The numbers tell why. The total number of fragility fractures in American women in a single year—1 million—out-numbers all heart attacks, strokes, breast cancers, and gynecologic cancers combined. A quality-of-life study by Toteson and Hammond found that 4 out of 10 Caucasian women over 50 will fracture a hip, spine, or wrist, sooner or later. One of every 5 who fracture a hip ends up in a nursing home. The direct care cost of osteoporotic fractures was $17 billion in 2001 dollars.
Now, we have more treatment options than ever. And 2005 has been a banner year for discoveries we can put into practice immediately, in our efforts to prevent fragility fractures.
Why so confusing?
McClung MR. The relationship between bone mineral density and fracture risk. Curr Osteoporos Rep. 2005;3:57–63.
- The terms osteopenia and osteoporosis are arbitrary cutoffs. Fracture risk is a continuum and involves multiple factors in addition to bone mass.
The clinically crucial part of that definition is…“increasing the risk of fragility fractures.” Certainly, low bone mass on DEXA is a risk factor. And guidelines from the World Health Organization (WHO), the National Osteoporosis Foundation, and the North American Menopause Society are based on T-scores. However, treatment that bases intervention on absolute fracture risk would be much more appropriate; in fact, the WHO is expected to shortly issue a method to calculate fracture risk. Factors are likely to include age, previous fracture, family history, body mass index, ever use of steroids, propensity for falling, eyesight, overall health, and bone mass (ie, BMD determinations).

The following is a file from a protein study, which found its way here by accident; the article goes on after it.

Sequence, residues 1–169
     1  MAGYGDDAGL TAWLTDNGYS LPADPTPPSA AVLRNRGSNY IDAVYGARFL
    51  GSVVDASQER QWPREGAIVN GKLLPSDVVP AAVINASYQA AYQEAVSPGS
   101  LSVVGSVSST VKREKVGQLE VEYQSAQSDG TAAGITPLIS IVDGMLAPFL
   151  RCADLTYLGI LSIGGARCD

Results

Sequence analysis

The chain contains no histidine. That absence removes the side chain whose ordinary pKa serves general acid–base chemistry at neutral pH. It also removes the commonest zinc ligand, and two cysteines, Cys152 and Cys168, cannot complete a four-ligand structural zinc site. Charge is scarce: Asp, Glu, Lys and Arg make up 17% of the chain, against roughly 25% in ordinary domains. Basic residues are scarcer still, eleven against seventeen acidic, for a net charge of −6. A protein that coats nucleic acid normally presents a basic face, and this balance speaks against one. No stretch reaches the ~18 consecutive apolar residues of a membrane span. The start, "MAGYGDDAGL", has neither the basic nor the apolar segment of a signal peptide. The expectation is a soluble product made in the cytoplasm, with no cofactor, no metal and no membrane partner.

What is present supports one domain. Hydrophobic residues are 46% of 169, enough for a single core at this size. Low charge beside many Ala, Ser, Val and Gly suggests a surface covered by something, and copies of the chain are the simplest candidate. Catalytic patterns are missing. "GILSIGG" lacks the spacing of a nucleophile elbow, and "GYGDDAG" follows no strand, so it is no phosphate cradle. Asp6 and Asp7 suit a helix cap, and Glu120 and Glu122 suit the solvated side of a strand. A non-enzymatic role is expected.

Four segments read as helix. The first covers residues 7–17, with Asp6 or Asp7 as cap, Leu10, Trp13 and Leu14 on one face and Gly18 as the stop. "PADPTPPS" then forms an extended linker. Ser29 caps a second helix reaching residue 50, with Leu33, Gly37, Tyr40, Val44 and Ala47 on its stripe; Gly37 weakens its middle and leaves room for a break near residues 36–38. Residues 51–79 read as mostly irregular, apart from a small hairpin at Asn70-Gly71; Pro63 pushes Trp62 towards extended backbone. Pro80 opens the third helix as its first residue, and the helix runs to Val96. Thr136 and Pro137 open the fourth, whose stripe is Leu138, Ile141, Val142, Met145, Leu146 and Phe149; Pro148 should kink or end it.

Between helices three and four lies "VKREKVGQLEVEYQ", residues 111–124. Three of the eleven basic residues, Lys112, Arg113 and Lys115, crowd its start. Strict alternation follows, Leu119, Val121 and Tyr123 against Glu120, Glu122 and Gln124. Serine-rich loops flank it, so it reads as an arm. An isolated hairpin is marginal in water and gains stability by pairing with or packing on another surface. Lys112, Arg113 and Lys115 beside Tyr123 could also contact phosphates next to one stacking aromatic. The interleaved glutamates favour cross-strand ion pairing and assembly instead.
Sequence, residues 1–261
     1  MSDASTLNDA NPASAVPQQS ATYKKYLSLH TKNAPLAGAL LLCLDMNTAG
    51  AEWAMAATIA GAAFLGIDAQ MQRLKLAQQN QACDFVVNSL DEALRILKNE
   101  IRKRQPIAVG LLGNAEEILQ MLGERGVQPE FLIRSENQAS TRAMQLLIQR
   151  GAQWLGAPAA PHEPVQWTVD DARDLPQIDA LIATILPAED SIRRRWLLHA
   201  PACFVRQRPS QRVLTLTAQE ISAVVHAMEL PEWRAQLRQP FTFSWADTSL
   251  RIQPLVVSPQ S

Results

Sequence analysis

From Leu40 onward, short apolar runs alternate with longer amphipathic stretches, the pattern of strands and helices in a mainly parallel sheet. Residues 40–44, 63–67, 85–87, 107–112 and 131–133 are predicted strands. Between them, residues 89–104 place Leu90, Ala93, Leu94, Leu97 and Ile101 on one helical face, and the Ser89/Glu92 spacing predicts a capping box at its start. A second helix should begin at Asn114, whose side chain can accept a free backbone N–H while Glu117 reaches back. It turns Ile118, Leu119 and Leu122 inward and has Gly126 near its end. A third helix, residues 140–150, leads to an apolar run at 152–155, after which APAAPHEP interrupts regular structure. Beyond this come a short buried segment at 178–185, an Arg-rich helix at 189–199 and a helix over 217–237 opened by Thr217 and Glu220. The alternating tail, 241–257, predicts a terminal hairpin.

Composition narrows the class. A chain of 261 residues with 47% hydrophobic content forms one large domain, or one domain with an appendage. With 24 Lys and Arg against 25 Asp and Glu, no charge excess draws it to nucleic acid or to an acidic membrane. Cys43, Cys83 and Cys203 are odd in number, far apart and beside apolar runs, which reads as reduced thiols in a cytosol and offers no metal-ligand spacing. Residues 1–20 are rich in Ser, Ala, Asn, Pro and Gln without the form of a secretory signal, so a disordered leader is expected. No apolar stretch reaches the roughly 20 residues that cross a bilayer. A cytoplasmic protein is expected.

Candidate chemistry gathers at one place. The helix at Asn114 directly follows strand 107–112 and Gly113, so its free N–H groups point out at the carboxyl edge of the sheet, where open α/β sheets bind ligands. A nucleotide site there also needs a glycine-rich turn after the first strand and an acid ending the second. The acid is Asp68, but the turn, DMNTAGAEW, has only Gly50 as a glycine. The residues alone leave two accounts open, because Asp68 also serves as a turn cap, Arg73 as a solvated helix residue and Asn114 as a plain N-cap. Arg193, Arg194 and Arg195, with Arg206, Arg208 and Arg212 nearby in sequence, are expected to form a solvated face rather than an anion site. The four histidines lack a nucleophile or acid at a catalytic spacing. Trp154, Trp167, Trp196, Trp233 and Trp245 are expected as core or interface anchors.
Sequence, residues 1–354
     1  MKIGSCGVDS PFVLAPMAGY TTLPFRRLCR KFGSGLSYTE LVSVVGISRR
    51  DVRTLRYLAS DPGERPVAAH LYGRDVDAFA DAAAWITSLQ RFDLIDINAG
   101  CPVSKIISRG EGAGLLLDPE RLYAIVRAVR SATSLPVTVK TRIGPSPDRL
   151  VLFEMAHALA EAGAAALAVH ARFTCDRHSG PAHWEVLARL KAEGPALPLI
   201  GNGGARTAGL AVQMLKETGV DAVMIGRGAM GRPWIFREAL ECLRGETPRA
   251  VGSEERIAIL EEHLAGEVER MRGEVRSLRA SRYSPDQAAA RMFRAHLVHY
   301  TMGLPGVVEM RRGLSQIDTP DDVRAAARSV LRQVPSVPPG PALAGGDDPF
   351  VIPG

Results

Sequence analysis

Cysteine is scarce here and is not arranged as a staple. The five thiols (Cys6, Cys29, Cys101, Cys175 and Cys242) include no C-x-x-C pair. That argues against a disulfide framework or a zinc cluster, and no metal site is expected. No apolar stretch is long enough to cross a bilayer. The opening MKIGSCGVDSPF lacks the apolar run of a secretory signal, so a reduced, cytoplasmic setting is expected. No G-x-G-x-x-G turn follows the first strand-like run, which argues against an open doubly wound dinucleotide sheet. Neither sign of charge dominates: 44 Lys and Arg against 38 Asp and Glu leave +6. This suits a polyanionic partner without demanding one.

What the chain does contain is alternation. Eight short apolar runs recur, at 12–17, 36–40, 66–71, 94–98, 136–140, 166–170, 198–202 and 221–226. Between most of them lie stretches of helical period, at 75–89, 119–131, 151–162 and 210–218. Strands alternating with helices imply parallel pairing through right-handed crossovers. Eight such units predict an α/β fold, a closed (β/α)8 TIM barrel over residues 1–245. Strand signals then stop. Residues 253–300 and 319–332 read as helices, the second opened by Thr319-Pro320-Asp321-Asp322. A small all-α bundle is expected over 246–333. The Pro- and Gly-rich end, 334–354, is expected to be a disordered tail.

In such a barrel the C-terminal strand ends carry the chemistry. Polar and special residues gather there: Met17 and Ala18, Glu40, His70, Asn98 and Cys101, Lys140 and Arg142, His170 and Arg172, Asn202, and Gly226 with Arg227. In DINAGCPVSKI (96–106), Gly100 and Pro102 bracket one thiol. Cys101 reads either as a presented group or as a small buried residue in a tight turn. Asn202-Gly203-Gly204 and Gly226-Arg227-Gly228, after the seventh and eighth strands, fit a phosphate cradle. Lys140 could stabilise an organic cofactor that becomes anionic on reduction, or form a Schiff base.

We need to realize that WHO definitions of T-score categories are meant for postmenopausal women. Inappropriate use of DEXA scanning in a premenopausal patient may identify a woman with low bone mass, but her bone quality and risk of fragility fracture differ greatly from that of a distantly postmenopausal woman with the same T-score. It may seem counterintuitive, but a 50-year-old woman with a T-score of –3.0 has the same absolute fracture risk, going forward, as an 80-year-old woman with a T-score of –1.
Although the risk of fracture is greatest in women with osteoporosis, there are many more women with osteopenia who will have a fracture. But that doesn’t mean we should prescribe pharmacotherapy for every osteopenic woman in an attempt to prevent fractures. As the US Surgeon General’s report last October estimated, 34 million women have osteopenia and “only” 10 million have osteoporosis. Not every woman with osteopenia should be a candidate for pharmacotherapy, but these facts do underscore the need for a better way to assess absolute fracture risk.
- Miller PD, Barlas S, Brenneman SK, et al. An approach to identifying osteopenic women at increased short-term risk of fracture. Arch Intern Med. 2004;164:1113–1120.
- Salkeld G, Cameron ID, Cumming RG, et al. Quality of life related to fear of falling and hip fracture in older women: a time trade off study. BMJ. 2000;320:341–346.
- Schuit SC, van der Klift M, Weel AE, et al. Fracture incidence and association with bone mineral density in elderly men and women: the Rotterdam Study. Bone. 2004;34:195–202.
- Tosteson AN, Hammond CS. Quality-of-life assessment in osteoporosis: health-status and preference-based measures. PharmacoEconomics. 2002;20:289–303.
Are all bisphosphonates created equal?
Rosen CJ, Hochberg MC, Bonnick SL, et al. Postmenopausal osteoporosis: a randomized double-blind study. J Bone Miner Res. 2005;20:141–151.
- Antifracture efficacy at the spine appears to be indistinguishable among antiresorptive agents, despite differences in BMD and bone turnover. Gastrointestinal tolerability was similar in the FACT study.